The Wolf Gift

Written by Anne Rice

Peel: Set in present day California, the story begins with a young reporter is sent to cover a story on an old house for sale. The reporter, Reuben, is enchanted by the house, its history, and its current inhabitant. One bite shifts Reuben’s life, character, and interactions with his family and friends.

This novel was very slow moving and built up a thorough storyline. It didn’t read like a fast-paced crazy paranormal story, and I enjoyed that. After a few chapters, the story hooked me in; the characters, dialog, and reactions all felt very realistic. Rice’s language was light and pretty, and rather conducive to lovely imagery. The book flitted between feeling historical to erotic to violent.

There is a bit of religious preachiness at times. Especially towards the end, the book goes into the explicit origin story, and potential philosophical and religious ramifications. I would have preferred more moral ambiguity in the character’s view of himself. One of the powers he develops is to smell the difference between innocence, evil, and being neutral. This made it far too easy to establish the moral standing of any character. He does bring up some interesting questions in a few of the articles he writes on werewolves, but we never see him grapple with them. Instead, the main character is a nice handsome guy who takes everything in stride. As a warning there is quasi-bestiality and lots of violence.

All in all, she’s a wonderful storyteller and it was an interesting take on the werewolf tale.

Nibble: “As for his father, he saw death in the falling leaves.”

I would recommend this to anyone with a love for werewolves.

My Rating: 8 out of 10 bitten apples

I received an advanced copy from the publisher, Knopf Doubleday, via NetGalley.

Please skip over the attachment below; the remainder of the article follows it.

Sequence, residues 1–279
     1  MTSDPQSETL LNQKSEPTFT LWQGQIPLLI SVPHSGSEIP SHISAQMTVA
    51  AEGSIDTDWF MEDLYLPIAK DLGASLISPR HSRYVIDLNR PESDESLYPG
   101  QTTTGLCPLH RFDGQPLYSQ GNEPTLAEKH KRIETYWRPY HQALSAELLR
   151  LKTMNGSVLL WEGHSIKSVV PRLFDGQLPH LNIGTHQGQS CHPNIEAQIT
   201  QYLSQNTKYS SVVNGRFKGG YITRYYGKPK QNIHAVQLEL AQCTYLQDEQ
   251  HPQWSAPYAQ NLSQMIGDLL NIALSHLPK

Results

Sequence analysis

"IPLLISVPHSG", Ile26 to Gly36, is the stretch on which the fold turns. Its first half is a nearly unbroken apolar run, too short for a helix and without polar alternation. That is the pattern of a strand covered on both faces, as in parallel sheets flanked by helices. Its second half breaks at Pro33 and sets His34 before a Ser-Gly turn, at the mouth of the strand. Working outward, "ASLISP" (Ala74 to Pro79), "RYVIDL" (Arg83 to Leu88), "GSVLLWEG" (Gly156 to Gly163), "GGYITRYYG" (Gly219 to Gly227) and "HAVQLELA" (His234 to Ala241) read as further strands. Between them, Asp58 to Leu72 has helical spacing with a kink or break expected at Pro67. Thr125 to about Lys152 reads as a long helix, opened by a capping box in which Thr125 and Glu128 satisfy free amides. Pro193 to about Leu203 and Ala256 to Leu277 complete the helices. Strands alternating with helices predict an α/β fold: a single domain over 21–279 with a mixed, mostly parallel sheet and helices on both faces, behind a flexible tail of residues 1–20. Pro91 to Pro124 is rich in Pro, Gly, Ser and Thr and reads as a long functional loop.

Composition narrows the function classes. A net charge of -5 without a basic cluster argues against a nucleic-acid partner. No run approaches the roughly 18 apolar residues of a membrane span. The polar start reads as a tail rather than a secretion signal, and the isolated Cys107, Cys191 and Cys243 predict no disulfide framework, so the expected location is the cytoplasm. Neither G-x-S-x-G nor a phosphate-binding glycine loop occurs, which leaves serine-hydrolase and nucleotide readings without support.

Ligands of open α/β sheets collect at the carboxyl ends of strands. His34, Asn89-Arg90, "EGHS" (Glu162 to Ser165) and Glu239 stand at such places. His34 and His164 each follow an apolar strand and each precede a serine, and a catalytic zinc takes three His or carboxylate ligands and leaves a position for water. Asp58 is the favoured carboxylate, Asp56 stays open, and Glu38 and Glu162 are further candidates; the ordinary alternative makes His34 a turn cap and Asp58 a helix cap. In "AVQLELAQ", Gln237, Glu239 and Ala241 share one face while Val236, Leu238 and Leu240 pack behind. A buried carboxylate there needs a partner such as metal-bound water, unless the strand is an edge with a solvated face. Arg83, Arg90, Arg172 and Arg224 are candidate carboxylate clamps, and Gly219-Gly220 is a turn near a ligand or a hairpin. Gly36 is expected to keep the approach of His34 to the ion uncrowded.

Anne Rice’s Site

Pre-order the book on Amazon for February 14th


A Merman’s Kiss

By Laura Lond

This is a rather short and sweet read about two plain sisters who wish to be wed and gain social status. One sister Leatra is much more adamant about going about this by any means, whereas Ellie is very timid. I liked that the story took on more of a pragmatic tone than romantic{the story is far less romantic than the title suggests}. Both sisters are very plain looking, which made them nice to read about, and they seem off the bat more realistic. Unfortunately the two sisters personalities aren’t flushed out so well, and they come off as flat. On top of that they read very obviously as bad versus good. I would have liked to see both characters less extreme, so that it would be harder to establish who was ‘right’ or entitled to do certain things. Ellie stuck me as the type of character to be content in settling for anything, which made it hard for me to care about her. The side characters were actually more interesting and complex than the sisters. Overall, I liked the idea of the plot. The message behind the story is nice as well, even if not shown in the best light. It also reads rather quickly, in one sitting, and I didn’t find myself bored. Once the story climaxes and a few things are explained, there’s a three year break and then you see the outcome of everything for Ellie. I found this rather dissatisfying as those three years may have shown a more interesting side of Ellie, and developed her further. There’s also no followup on how things ended up with Leatra, and if she changes at all.

I would recommend this story as a fall afternoon read on the porch.

Nibble: “Leatra was so tired of maybes not coming true.”

My Rating: 4 out of 10 plain red apples

I received a free electronic copy of this book from the author via LibraryThing.